But I figure if the world were really tight, humans would live life backwards and do the first part last. They’d be all knowing in the beginning and innocent in the end.Bobby, aged sixteen, is a father. His sixteenth birthday was the day when his girlfriend Nia told him that she was pregnant. Now, for reasons the reader finds out as s/he read on, Nia is not around, and Bobby has to coordinate being a high school student with changing diapers, sleepless nights, arranging for babysitters, taking baby Feather to the doctor, and all the other demands of parenthood. Not to mention, of course, growing up himself.
Then everybody could end their life on their momma or daddy’s stomach in a warm room, waiting for the soft morning light.
The story is told through alternating sections, titled “now” and “then”. As we watch Bobby coming to terms with parenthood and all the ways in which his life has changed forever, we also watch the story of Nia’s pregnancy unfold, and we learn just what led to the situation Bobby’s currently in.
I love the fact that even though the first part last is about teen pregnancy, it doesn’t read like a cautionary tale: it doesn't moralize, it’s never emotionally manipulative and it doesn’t demonize sex. But it doesn’t romanticize parenthood either. What it does is show what can happen to teenagers for several reasons, what does happen to countless teens everywhere. The story is told wisely and compassionately, without pointing fingers or punishing the characters.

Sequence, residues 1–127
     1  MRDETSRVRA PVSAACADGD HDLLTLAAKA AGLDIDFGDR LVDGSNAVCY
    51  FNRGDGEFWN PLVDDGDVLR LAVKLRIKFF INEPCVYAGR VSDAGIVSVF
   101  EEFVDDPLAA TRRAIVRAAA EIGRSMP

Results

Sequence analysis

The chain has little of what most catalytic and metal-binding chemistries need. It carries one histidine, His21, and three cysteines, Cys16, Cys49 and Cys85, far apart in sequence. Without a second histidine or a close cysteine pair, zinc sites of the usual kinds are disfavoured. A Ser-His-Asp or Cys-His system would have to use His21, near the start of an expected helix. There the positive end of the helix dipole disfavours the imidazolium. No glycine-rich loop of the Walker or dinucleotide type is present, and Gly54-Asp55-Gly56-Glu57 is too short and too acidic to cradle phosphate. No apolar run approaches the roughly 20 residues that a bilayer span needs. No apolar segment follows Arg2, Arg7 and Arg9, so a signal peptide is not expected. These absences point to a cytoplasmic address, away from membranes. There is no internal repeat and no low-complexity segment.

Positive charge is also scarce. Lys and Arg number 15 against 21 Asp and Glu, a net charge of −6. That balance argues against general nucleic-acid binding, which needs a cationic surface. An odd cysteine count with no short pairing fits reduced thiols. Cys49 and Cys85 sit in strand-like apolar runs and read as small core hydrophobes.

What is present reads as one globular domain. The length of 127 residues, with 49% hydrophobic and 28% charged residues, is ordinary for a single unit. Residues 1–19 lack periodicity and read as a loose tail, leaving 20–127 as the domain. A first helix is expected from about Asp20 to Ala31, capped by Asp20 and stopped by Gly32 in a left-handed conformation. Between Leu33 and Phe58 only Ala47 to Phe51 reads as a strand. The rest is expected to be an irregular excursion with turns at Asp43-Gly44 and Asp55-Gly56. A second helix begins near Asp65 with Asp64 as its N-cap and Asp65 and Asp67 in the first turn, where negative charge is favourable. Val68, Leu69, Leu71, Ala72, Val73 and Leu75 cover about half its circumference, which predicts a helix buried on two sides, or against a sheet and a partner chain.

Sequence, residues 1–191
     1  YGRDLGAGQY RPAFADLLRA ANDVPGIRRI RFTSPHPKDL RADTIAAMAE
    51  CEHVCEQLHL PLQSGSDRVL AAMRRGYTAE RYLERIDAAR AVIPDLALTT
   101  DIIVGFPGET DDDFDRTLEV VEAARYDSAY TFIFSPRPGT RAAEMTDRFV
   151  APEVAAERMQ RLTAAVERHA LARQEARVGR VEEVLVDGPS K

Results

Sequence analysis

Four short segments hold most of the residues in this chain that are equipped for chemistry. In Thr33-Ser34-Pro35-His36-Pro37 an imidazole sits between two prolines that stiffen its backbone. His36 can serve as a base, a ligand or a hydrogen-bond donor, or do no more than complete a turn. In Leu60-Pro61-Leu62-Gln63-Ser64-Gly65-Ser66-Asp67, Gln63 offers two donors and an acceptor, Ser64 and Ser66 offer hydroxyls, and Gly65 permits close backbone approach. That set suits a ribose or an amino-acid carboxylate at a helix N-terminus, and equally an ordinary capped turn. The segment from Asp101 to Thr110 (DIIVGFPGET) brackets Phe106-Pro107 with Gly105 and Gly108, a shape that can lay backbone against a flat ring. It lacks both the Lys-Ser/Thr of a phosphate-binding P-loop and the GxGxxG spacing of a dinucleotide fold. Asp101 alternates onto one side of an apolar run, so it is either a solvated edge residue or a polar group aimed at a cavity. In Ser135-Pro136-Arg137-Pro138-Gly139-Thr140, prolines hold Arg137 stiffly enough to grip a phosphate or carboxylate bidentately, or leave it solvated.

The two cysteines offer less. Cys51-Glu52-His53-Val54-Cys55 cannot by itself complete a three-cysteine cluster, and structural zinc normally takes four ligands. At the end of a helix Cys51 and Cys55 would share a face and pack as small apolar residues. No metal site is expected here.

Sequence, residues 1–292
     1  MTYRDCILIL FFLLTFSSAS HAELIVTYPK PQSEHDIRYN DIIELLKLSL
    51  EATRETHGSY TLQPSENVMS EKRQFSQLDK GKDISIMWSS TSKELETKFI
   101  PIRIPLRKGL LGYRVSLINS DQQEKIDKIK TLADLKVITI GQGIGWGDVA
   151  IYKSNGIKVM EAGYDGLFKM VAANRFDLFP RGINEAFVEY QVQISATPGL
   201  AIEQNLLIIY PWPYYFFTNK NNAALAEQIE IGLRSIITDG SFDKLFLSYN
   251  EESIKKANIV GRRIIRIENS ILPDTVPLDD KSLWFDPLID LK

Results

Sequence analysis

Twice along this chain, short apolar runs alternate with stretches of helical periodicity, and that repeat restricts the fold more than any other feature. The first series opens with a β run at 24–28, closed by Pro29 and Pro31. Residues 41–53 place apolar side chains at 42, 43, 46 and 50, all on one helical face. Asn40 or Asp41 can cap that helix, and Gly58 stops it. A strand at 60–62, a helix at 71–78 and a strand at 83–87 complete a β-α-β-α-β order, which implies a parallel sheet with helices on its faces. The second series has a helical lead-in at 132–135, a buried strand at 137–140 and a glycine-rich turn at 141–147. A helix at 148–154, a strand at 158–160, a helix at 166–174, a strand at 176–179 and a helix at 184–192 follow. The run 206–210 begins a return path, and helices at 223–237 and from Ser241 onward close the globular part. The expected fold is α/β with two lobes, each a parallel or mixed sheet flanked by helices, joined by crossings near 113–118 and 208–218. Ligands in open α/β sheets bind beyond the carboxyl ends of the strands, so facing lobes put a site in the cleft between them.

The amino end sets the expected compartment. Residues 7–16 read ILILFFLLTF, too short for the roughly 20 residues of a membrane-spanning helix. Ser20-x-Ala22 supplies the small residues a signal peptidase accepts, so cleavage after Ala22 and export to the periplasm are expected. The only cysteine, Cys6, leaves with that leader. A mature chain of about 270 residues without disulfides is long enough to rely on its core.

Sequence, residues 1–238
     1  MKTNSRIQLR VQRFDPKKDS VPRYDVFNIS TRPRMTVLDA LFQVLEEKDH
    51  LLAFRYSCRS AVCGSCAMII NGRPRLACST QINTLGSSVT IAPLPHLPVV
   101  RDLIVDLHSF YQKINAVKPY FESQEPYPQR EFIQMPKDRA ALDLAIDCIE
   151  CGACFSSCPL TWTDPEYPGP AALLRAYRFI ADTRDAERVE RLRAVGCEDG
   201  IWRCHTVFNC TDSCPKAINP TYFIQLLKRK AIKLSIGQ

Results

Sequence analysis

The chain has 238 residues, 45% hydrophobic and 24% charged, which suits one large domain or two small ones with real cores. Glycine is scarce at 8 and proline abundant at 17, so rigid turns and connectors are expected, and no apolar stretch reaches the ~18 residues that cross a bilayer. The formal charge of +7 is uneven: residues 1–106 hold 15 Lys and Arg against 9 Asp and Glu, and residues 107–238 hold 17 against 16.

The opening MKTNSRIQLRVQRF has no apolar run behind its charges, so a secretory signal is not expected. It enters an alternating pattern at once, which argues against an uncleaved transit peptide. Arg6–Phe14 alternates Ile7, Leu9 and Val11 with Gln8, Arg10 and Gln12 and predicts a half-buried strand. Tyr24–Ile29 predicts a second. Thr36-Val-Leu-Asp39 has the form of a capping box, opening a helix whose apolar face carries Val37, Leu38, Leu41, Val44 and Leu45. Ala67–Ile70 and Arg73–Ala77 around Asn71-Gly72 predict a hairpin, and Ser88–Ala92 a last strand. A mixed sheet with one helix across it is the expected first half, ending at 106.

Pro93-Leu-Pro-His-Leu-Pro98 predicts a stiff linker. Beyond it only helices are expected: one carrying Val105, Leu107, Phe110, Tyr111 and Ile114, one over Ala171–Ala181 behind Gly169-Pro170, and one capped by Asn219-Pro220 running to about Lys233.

And it’s a sad story, yes, but it’s also a story about endurance and love. I mean, the bad things that happen are really bad (and I can’t tell you what those are without spoilers), and the good ones are mixed blessings. But people, young people in particular, have a remarkable ability to adapt and make the most of their circumstances.
Making the most of his circumstances is what Bobby learns to do, and in the end readers are not left thinking that his life is ruined, or that Feather will be an unhappy child. He loves her, he has parents and friends who support him, and even though his life will be different from most young people’s, it won’t necessarily be less satisfying or complete.
One more down for the Printz Project. They never disappoint, do they? On a side note, thanks to the awesome Jodie I have Slam by Nick Hornby, another story about teen pregnancy told from a male perspective, on my tbr pile. I look forward to seeing how the two compare.
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Thoughts of Joy
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